So, the question remains — can anyone be honest online? The Internet is a ubiquitous presence in our daily lives, from planning our commutes to paying our bills. The pandemic only cemented its significance as society’s new Third Place — a World Wide Watering Hole that transcends geographic limitations. 

The next generation of the Internet is on the horizon, and now is the time to explore how tech can engender trust rather than infringe upon it. As individuals and as a society, we must work to establish digital environments that prioritise genuine interactions, create and protect safe spaces and foster opportunities for digital empathy and education.

Influencer marketing can and should be more ethical. Brands have a responsibility in helping to close the authenticity gap. Real collaboration goes beyond copy-pasted social copy and failed endorsement attempts. There are plenty of great examples of purpose-led marketing that come to mind. TOMS’ commitment to charitable giving mirrors activist Blair Imani’s advocacy for social justice and inclusivity, making their partnership authentic and effective. Patagonia doesn’t pay their brand ambassadors to promote their products. Instead, these ‘Global Sports Activists’ including Belinda Baggs and Tommy Caldwell all share mutual climate-conscious values. What could be more honest than collaborations that affect real change? 

Education and media literacy play a crucial role in combating online deception. Teaching individuals, especially the younger generation, critical digital thinking skills can empower them to navigate the web more responsibly. There needs to be a cultural shift towards truth-seeking at large; to ensure due diligence, to verify and validate information before sharing it forward. We’ve covered the ways that AI has contributed towards the spread of misinformation — but how can advancing tech be used to detect fake news? UCL’s Professor Bronstein and his colleagues are investigating how fake news spreads in London; in Italy, La Sapienza’s Professor Nucci and his team are building tools to help journalists fact-check with AI.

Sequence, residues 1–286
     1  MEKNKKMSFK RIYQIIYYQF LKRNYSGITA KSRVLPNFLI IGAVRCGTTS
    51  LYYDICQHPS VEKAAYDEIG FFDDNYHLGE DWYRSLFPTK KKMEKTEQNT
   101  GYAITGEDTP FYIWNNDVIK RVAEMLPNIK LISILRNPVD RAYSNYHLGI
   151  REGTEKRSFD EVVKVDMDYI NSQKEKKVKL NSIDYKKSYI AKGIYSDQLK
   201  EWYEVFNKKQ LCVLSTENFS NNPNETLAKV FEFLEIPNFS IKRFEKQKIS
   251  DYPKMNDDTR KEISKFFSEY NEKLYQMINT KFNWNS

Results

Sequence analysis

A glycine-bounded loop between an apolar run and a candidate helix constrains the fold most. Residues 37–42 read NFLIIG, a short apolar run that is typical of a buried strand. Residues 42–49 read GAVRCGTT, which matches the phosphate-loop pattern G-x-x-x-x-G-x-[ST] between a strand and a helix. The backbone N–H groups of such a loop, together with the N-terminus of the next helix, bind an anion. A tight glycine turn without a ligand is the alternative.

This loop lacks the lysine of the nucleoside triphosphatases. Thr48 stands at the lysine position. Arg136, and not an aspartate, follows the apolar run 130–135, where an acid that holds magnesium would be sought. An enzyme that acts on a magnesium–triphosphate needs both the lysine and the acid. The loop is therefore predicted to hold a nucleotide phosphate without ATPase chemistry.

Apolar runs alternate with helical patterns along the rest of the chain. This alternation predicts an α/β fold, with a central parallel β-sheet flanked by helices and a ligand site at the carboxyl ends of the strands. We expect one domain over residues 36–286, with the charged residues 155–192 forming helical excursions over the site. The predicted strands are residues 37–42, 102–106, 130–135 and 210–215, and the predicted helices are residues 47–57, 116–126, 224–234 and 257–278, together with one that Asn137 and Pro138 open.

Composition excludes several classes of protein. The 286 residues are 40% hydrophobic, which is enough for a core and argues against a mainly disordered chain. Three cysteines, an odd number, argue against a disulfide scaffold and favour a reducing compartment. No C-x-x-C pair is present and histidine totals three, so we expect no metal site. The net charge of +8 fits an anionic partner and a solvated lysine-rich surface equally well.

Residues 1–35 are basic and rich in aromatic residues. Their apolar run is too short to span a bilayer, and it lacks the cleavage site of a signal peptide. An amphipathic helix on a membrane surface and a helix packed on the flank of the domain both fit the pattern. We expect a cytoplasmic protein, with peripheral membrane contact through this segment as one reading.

Gen Z are at the forefront of virtual, authentic representation and spearheading a culture of honesty online. For these digital natives, their online personas are natural extensions of who they are IRL. This generation displays a desire for meaningful connection, embracing vulnerability and realness over curated, superficial content. The emergence of micro-communities help mobilise support for new causes and create networks for individuals who, just a generation ago, may have grown up feeling isolated and unheard. At their best, social media platforms serve as channels for essential conversations on mental health, body image, societal issues;  they can be soapboxes to share diverse experiences and educate one another.

The next iteration of the Internet could hold the potential for a significantly more honest virtual world. With much talk of decentralised structures and blockchain technology, Web3 promises enhanced data security, transparency, and ownership. Users will have more control over their data, which in turn could diminish the spread of disinformation. Ultimately, it’s up to each of us to uphold our integrity online. 

Featured image: Joshua Gandara / Unsplash

Natasha Randhawa, Editor-at-large at MediaCat Magazine

Tash joined the magazine at the start of 2023. Previously she headed comms for The Marketing Society (2018-2022). Now as MediaCat's Editor-at-large, she travels around Southeast Asia, writing about culture, social impact, creativity and technology, and how these forces influence the marketing industry and wider business world.